review

The Acolyte review: A middling Star Wars series with promise — ignore the toxic fans

Headshot of Wenlei Ma
Wenlei Ma
The Nightly
3 Min Read
Mae (Amandla Stenberg) in Lucasfilm's THE ACOLYTE, exclusively on Disney+.
Mae (Amandla Stenberg) in Lucasfilm's THE ACOLYTE, exclusively on Disney+. Credit: Christian Black ©2024 Lucasfilm Ltd/Christian Black / Lucasfilm Ltd.

It’s an unfortunate quirk of modern fandom that even before a series is released to the public, throngs of so-called devotees to a franchise will see fit to “review bomb” a show or movie without having seen it.

The multitude of one-star reviews left on Google point to how awful fans can be when they think there’s a “betrayal” of something they alone feel ownership over.

Star Wars has a particularly emotional and sometimes toxic fandom.

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They write about outside “agendas” pushing in, and “ruining” their thing, which is always code for they don’t like that there are now women/non-white/LGBTQI/insert marginalised community daring to take up space, let alone as, shock horror, leads.

They talk about how Star Wars has been hijacked by some nefarious “woke” or “political” force even though Star Wars was always political.

George Lucas meant the original film to be a critique of the American military campaign in Vietnam.

It’s astonishing that these fans don’t realise that in this equation, they’re the dark side.

The Acolyte is a Star Wars series.
Lee Jung-jae from Squid Game is a lead in The Acolyte. Credit: Lucasfilm Ltd./Lucasfilm Ltd.

The deranged reaction from some quarters sometimes means that there’s an instinct to counter that hate by fawning over something that doesn’t really deserve to be fawned over.

You want to be hyperbolic when, really, The Acolyte, which has as its main characters a black woman (Amandla Stenberg) and an Asian man (Squid Game’s Lee Jung-jae), is just a perfectly fine and amiable Star Wars streaming series.

It’s not amazing, but it’s not terrible. It’s definitely not one-star. It exists where most cultural output exists, in the middle, instead of the internet’s demand that everything is either the best or worst thing ever because otherwise no one will pay attention. The middle is fine.

Set 100 years before the Skywalker era, The Acolyte is the story of twins Osha and Mae (both Stenberg). Osha was once the Padawan (an apprentice) of Jedi Master Sol (Lee) but has since left the order. Mae was presumed to have died as a child.

When Jedi Master Indara (Carrie-Anne Moss) is killed and witnesses say Osha was the culprit, they realise Mae may not be so dead after all.

Original bad-arse, Carrie-Anne Moss.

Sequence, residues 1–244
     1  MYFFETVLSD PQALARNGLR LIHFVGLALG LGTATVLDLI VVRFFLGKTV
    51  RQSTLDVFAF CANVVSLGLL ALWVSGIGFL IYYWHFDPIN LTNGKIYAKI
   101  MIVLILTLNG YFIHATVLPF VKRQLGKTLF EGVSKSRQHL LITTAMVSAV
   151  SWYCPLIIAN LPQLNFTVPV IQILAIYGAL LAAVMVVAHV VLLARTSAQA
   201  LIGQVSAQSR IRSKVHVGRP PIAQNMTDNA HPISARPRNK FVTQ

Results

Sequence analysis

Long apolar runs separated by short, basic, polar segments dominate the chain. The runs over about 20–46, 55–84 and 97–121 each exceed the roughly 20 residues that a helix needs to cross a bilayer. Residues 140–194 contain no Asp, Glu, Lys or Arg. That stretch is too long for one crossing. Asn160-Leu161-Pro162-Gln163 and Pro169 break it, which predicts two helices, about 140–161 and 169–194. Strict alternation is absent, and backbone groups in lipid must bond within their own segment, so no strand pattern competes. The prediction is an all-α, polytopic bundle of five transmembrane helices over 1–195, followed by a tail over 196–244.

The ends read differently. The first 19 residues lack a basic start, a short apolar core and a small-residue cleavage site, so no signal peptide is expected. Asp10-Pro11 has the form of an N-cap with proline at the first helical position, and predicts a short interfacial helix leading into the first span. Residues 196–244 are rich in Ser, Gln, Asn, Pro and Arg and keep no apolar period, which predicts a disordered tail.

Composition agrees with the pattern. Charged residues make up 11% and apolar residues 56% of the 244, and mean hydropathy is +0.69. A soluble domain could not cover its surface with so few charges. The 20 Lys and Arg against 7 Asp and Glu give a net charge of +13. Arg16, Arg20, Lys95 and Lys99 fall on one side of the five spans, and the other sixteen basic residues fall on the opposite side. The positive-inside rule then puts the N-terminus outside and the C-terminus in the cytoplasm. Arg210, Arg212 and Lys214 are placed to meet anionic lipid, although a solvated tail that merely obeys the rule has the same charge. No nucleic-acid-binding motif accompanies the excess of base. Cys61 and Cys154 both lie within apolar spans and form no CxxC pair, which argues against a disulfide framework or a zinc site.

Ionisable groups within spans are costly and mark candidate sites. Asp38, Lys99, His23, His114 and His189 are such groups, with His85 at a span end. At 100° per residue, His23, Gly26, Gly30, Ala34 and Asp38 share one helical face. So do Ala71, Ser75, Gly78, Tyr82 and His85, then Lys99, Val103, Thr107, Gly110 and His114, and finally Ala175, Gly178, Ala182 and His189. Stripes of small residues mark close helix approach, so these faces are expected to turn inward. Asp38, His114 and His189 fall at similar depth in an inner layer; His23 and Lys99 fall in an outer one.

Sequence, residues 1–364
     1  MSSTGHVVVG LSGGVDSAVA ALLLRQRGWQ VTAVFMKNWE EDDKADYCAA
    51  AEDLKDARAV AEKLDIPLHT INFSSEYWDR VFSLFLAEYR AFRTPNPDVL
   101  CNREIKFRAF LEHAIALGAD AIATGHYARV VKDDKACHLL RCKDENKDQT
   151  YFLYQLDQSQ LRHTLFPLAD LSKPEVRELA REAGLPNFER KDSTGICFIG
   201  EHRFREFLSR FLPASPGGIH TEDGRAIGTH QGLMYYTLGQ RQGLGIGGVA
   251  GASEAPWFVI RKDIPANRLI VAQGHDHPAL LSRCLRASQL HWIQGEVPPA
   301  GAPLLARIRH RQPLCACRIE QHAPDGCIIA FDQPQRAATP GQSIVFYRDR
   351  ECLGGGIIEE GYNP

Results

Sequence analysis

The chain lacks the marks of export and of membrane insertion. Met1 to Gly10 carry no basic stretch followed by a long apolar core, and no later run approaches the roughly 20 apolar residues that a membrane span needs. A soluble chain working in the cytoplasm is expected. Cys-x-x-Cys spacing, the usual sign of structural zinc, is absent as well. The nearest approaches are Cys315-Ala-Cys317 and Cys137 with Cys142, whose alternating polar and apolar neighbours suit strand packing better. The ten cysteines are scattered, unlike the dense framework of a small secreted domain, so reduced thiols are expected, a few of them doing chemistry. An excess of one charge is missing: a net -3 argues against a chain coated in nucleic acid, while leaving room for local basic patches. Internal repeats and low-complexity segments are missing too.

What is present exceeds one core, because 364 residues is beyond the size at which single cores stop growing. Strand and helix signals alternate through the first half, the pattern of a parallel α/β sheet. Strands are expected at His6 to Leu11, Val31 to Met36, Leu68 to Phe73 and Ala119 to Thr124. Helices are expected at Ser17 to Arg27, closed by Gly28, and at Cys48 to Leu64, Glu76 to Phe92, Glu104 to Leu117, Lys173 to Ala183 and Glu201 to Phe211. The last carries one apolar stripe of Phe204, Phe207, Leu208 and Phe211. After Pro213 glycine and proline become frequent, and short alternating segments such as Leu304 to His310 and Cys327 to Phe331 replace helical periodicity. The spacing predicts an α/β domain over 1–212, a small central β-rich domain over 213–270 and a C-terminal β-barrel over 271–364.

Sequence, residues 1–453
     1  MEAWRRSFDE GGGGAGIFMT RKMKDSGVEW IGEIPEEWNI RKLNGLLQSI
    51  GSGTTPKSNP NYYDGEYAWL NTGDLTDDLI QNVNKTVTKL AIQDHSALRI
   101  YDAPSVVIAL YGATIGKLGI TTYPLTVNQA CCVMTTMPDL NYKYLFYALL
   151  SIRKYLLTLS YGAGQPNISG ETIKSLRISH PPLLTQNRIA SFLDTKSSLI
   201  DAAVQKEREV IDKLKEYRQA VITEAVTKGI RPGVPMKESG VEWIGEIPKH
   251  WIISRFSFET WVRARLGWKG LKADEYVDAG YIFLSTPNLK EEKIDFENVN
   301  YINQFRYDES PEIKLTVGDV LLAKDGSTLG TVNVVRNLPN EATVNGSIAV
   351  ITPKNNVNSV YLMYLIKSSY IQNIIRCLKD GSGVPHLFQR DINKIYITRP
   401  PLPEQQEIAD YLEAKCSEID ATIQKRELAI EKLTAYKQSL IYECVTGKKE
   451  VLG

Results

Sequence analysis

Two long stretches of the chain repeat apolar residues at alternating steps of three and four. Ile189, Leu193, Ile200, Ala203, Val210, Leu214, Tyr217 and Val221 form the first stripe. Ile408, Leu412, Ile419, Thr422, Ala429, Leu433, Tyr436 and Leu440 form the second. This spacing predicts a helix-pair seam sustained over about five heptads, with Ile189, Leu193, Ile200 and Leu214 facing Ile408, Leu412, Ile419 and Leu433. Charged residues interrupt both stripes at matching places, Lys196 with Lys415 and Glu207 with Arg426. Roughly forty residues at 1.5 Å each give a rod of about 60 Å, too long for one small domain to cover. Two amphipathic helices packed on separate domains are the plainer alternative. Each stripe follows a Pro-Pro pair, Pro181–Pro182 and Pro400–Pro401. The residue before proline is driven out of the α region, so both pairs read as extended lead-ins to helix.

Original bad-arse, Carrie-Anne Moss. Credit: Christian Black ©2024 Lucasfilm Ltd/Christian Black / Lucasfilm Ltd.

It’s a story about two sisters who are two sides of the same coin, the yin and yang, the light side and the dark side of the Force. It’s a familiar dynamic steeped in the mythology of Star Wars — unlike the best-reviewed Star Wars series, Andor, which was a gritty Force-free political thriller.

The Acolyte gives fans another space to bathe in the world of the Jedi and their mysterious powers but also asks questions about the way the Force can exist outside of the organising structures of the Jedi or the Sith Lords.

It’s an examination of power, which the early episodes (four were made available for review) hint at, and it’ll be interesting to see how deep down the rabbit hole the remainder of the season goes. Certainly, the pacing and momentum pick up with each episode.

So many lightsabres.
So many lightsabres. Credit: Christian Black ©2024 Lucasfilm Ltd/Christian Black / Lucasfilm Ltd.

Some Star Wars movies and shows can be a little too binary in how they deal with good and bad when the most effective ones (such as Andor) are much more comfortable in the grey zone.

The show has a supporting cast of Jedis that get to show off their lightsabre skills including Dafne Keen (Logan), Charlie Barnett (Russian Doll) and Rebecca Henderson (also Russian Doll). Jodie Turner-Smith plays a figure with a connection to Osha and Mae’s past and Manny Jacinto (The Good Place) plays a smuggler character that will surely turn out to be something more otherwise it’s a waste of casting.

Leslye Headland created the show and if she’s able to bring even 30 per cent of the creativity, smarts and curiosity of Russian Doll, which she co-created with Natasha Lyonne, then there’s promise in The Acolyte.

But it is Star Wars and while writers are given a certain amount of latitude while in the sandbox, it’s still a tightly controlled playdate.

Rating: 3/5

The Acolyte is streaming now on Disney+ with new episodes available weekly

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